The wines from Toby and Emmanuelle Bekkers deserve greater attention. I say this, as every time I taste through the range, I am struck at just how impressive they are.
We have developed a steady following since we started raving about these McClaren Vale wines over seven years ago. They possess a rare sense of balance, precision and elegance that is uncommon for the majority of Australian Syrah or Grenache. If you haven’t yet tried these wines, you are urged to do so - the 2020s truly shone at our recent tasting.
If you aren’t already familiar with these wines, Toby Bekkers is a hugely respected vineyard consultant and a pioneer of organic and biodynamic viticulture. His wife Emmanuelle - nicknamed Emma - is a French winemaking consultant, who ended up in Australia with a background of winemaking at Hardy’s. Together, they have a near perfect blend of skills which speaks volumes to the quality and provenance of these wines.
Toby’s vast knowledge of the growers, soils and vines provides Emma with the best fruit for the winemaking. A noteworthy example is a small, 6-hectare plot of Grenache vines planted in the 1930s that caught Toby’s eye nearly two decades ago; he has since fostered a strong relationship with the grower, from whom they purchase the fruit. Toby’s attention to detail is matched by Emma’s exacting standards in the winery. Fruit is handpicked and then meticulously sorted.
McLaren Vale 2020 vintage report
The 2020 vintage in the McClaren Vale has shown very good potential. The year was slightly drier than average – matching the conditions experienced in the preceding two years, all of which have been relatively low yielding. December was the hottest month on record, yet was relieved by noticeably cooler temperatures in January, which compensated by being over a degree below average. Rains in February served to freshen up the vineyards and had no negative effects. February, which is invariably the hottest month, continued in a cooler vein leading up to an uncomplicated harvest in March. The cooler later-season conditions have led to a fine sense of freshness in the 2020s, which beautifully offsets the generous, ripe fruit.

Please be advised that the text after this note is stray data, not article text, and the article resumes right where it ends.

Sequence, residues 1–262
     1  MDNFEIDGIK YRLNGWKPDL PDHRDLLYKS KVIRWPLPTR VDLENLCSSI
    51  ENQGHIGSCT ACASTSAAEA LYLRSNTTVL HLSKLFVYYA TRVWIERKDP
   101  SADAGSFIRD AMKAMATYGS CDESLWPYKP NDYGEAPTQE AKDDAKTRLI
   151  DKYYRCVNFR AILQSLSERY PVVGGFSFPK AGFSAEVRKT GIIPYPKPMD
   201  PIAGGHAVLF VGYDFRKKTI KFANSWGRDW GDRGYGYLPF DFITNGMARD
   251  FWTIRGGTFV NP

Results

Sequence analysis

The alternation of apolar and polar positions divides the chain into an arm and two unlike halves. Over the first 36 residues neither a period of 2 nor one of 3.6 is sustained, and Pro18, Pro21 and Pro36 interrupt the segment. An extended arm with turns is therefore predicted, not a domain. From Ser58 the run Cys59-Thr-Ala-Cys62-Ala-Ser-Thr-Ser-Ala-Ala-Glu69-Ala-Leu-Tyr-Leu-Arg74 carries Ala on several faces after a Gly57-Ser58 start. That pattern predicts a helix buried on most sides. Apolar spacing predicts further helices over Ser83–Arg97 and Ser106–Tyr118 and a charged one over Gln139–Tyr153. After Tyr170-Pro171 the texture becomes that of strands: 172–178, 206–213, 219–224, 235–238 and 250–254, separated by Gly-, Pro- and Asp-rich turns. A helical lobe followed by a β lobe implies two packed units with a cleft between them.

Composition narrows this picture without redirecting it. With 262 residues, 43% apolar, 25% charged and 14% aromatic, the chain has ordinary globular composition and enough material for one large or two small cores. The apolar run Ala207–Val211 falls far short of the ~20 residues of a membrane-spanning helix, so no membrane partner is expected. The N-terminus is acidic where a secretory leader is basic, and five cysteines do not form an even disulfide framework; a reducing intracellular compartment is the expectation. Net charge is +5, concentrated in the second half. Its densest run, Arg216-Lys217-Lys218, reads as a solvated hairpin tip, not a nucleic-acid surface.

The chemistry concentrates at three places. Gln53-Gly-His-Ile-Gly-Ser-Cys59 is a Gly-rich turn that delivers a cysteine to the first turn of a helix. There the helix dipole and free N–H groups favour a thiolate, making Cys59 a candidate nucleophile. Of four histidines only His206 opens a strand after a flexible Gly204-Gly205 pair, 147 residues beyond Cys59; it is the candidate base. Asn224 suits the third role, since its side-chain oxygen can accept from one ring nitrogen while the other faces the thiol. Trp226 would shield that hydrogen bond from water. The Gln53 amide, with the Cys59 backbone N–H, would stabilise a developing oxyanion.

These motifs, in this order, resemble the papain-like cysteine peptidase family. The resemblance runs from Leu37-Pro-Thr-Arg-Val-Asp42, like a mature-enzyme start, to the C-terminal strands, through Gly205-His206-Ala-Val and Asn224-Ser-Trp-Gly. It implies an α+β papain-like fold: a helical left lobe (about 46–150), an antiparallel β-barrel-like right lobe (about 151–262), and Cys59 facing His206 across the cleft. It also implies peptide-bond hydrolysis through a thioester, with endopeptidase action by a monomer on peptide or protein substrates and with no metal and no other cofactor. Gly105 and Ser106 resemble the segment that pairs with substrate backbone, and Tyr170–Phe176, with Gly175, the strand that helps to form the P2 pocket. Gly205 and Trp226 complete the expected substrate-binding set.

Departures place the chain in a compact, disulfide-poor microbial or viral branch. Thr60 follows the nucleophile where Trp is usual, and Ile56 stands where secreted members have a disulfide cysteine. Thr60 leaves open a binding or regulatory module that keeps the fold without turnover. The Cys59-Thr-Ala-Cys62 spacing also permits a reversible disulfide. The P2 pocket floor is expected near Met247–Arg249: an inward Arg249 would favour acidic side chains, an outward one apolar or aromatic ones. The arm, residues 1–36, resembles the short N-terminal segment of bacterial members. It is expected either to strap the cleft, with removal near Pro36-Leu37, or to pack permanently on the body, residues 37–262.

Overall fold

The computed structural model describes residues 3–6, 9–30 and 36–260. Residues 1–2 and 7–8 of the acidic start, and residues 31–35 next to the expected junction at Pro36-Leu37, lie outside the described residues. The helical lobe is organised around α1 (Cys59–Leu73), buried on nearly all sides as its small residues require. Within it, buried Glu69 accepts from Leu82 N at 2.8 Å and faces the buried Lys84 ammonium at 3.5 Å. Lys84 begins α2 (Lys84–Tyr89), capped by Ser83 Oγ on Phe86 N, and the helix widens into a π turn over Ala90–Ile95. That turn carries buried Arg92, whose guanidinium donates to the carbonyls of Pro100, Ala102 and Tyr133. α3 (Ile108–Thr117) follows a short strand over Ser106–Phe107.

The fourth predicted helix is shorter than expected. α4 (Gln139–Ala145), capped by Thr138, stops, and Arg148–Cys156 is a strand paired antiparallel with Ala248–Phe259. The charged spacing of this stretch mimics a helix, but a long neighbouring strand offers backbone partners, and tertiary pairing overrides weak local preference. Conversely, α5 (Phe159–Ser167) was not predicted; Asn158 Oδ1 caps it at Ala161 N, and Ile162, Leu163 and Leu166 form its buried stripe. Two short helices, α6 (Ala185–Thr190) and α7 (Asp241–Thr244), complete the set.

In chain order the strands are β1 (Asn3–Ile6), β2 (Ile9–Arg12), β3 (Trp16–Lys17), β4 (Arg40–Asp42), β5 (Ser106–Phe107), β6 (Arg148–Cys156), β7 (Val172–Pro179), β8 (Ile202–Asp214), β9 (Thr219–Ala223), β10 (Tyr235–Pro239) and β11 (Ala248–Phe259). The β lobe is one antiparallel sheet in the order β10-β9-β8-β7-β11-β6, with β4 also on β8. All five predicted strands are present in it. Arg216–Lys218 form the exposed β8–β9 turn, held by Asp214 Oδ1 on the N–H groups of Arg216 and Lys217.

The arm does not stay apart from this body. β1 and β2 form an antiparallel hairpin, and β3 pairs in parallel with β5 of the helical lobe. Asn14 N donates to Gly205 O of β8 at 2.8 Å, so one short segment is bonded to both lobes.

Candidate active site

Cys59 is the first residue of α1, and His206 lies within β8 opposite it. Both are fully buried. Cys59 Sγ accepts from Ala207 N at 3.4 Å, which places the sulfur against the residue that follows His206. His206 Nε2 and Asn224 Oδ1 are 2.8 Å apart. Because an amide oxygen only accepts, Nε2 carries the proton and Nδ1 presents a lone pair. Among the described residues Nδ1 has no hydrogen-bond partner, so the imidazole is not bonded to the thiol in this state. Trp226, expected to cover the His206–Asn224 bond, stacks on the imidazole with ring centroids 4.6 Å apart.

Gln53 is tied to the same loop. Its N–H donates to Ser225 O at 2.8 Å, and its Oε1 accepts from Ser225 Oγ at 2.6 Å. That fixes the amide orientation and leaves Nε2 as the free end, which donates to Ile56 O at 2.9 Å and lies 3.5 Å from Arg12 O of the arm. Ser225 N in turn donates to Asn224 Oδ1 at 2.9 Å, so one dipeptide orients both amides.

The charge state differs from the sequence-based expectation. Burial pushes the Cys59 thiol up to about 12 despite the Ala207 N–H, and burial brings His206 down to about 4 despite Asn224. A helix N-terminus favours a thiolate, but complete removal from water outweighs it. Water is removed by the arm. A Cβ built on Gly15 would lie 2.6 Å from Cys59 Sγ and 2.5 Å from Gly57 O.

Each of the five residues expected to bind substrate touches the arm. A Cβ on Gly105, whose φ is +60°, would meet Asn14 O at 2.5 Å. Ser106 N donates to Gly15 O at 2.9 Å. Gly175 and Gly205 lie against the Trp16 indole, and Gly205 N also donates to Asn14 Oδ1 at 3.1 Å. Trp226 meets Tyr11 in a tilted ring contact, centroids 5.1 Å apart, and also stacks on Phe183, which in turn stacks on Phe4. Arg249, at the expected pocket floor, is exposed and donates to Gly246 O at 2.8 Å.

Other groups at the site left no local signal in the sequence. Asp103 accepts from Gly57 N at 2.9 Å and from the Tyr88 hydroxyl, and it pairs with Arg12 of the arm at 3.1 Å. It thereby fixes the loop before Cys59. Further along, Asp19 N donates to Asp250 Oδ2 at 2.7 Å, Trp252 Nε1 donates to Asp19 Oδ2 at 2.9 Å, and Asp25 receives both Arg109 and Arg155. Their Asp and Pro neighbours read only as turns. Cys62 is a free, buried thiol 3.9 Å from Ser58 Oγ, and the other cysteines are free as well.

As ever, I am struck by the outstanding clarity of these wines and the exquisite balance. They are ripe and generous without being extravagant or heady. You gain the sense that fruit was picked at optimal ripeness as you taste across the wines. They are characterised by wonderfully pure layers of fruit and are clearly the product of skilled winemaking.
I will leave the space below to some critics’ notes and scores, but to give my view, I would say the Grenache possesses an effortless, creamy core of vibrant spiced raspberry. You may be surprised by the translucence of this wine, and its sense of restraint – the fruit is glorious, unhampered as it is by any overt oak or hefty extraction.
The Syrah/Grenache must rank as one of the finest I have tasted from Bekkers. Somehow this blend is knitting in a better way than in the early days, revealing dark, macerated fruits, notes of liquorice, pepper and spice and the merest hint of fresh coffee bean. The juiciness of the dusky fruit that dominates is striking.
And then, we come to the Syrah. Much inkier in the glass, with a nose that suggests small dark berries, blackberry, and blackcurrant even. There is a coolness about this Syrah, which, despite its abundant fruit, remains fresh and poised, with pepper, mint and five-spice notes emerging to the finish. This is such a beautiful expression of Syrah – it is a sophisticated rather than a hedonistic style, and so much the better for it.
I could wax lyrical about these wines with ease, but I think it is important to continue to highlight the reviews from notable critics. If you won’t take it from this Larkin, perhaps you might from Erin Larkin at robertparker.com